Cunningham keeps his cool as Kilkenny boss ups the stakesSeptember 6, 2012 - 7:00am
GALWAY manager Anthony Cunningham has refused to engage in a war of words over the referee’s role with his Kilkenny counterpart, Brian Cody, before the sides meet in the All-Ireland Senior Hurling Final at Croke Park on Sunday.
All of the early questions at the Galway hurlers’ media night in Loughrea related to the role which Westmeath official Barry Kelly might play in the decider, after Cody had expressed concerns that the referee might be instructed to take an overly-strict approach following his side’s over-physical tussle with Tipperary in last month’s semi-final.
Kilkenny will have to field without midfielder Michael Rice, who sustained a crushed knuckle and lacerated ligaments in his hand in that 4-24 to 1-15 hammering of the Munster champions, as Cody leads them into a September final for the 12th time.
“I think there could be a stupid reaction now,” said Cody. “The last three All-Ireland finals were played and the game was let flow. They were outstanding games. Suddenly, there could be a crazy reaction to a couple of instances in the semi-final.”
Cody has expressed fears that a red card could be issued “for nothing” in the early stages of the final, with the GAA determined to lay down the law in the wake of the unsavoury scenes in his side’s semi-final victory.
His ruthless or relentless streak, bordering on intimidation at times, should come as no surprise to Galway supporters who witnessed his antics at first hand in a championship game at Semple Stadium as far back as 2004.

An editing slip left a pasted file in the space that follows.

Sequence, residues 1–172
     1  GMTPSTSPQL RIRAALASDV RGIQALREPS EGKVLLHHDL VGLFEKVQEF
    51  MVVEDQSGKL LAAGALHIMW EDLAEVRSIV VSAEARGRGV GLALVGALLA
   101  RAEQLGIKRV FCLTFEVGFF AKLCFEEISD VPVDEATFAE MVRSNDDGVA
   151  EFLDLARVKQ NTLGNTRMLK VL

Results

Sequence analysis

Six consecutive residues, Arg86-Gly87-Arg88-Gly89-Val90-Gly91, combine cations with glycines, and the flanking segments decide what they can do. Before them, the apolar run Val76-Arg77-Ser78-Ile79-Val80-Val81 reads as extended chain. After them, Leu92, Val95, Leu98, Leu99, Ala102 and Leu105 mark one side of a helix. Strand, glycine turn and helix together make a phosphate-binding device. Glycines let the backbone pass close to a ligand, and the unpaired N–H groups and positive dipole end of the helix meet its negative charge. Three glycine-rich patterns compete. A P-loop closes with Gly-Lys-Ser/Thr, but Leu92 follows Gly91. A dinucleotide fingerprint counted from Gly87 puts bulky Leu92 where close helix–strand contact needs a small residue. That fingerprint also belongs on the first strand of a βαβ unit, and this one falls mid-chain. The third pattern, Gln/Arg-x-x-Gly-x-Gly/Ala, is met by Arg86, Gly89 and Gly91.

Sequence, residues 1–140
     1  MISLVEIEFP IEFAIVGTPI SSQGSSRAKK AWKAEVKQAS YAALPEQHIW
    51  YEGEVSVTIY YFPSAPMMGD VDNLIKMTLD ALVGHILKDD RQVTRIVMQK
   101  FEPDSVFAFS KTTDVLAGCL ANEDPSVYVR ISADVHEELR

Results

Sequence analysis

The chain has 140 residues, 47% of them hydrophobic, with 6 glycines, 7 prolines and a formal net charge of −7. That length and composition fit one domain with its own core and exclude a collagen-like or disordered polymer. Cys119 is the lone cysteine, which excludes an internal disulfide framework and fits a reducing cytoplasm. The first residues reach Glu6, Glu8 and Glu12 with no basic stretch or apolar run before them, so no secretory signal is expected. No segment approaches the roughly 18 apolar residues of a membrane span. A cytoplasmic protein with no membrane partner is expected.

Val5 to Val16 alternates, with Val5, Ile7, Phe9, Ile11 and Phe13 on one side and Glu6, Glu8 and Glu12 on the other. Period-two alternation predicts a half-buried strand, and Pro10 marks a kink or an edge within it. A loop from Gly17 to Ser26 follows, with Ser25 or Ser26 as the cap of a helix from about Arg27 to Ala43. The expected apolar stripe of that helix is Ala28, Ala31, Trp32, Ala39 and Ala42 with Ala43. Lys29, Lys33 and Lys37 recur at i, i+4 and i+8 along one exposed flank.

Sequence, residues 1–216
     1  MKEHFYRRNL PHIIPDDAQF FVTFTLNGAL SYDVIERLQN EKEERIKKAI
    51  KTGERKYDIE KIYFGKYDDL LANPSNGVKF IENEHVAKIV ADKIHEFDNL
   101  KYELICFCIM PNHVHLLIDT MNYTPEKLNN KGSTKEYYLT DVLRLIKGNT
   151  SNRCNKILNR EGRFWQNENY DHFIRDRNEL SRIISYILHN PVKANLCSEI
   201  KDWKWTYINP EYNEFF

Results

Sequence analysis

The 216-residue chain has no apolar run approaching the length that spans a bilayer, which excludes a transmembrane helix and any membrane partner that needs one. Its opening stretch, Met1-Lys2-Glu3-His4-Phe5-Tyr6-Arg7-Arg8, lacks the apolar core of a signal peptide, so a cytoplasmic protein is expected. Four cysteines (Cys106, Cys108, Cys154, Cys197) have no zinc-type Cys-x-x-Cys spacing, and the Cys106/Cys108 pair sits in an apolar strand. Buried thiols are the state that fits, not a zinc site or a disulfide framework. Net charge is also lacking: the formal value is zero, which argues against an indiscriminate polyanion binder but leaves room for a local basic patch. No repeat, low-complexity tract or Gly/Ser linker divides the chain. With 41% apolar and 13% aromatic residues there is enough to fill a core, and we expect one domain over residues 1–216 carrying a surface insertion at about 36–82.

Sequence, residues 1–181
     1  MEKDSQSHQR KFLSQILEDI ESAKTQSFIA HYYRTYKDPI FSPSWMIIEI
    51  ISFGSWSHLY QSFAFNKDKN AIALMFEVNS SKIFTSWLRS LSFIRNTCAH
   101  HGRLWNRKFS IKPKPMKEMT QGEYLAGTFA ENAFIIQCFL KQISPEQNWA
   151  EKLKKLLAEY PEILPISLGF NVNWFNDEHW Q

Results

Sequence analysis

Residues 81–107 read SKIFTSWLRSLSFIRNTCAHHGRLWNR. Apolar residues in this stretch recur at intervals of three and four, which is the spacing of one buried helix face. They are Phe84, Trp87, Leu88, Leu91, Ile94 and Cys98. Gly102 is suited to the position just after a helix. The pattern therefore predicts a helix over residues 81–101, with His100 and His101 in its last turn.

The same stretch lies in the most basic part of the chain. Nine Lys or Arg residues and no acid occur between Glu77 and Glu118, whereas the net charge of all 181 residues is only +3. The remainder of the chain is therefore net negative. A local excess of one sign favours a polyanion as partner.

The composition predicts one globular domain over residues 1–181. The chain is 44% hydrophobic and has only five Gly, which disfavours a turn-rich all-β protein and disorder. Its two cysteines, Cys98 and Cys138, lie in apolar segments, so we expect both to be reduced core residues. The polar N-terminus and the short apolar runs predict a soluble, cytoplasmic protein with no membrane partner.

On that occasion, the Cats – who had won the 2002 and 2003 All-Irelands – were reeling from the shock of a rare Leinster championship defeat to Wexford earlier in the summer.
Cody had seen the 2001 All-Ireland semi-final defeat to Noel Lane’s physical Galway side, who had outhurled and outmuscled his team, as the turning point in his reign. Never again would his side be physically intimidated by any other team.
In 2004, he confronted the referee as he left the pitch at half-time in Thurles. He prowled around behind Liam Donoghue’s goals in the second half of that game, barking out instructions to his forwards. His side won by 19 points, exacting sweet revenge for 2001, and Cody would have felt that the end justified the means.
Cody’s men won that tie by 4-20 to 1-10, but Conor Hayes’ side famously came back to shock his men by 5-18 to 4-18 in the following year’s All-Ireland semi-final. Kilkenny have reached 13 of the last 15 finals, and it was the Tribesmen who kept them out of the other two in 2001 and 2005.
The Kilkenny manager has consistently argued that hurling his a physical game – and is clearly concerned that one of his players, seven time All-Ireland winner Tommy Walsh for example, might see a red card in Sunday’s final.
Walsh hauled Damien Hayes to the ground just 12 seconds into that 2004 All-Ireland qualifier, taking the gamble that conceding a free was a far better gamble than allowing the Tribesmen to score a morale-boosting early goal.
For more, read this week's Connacht Tribune.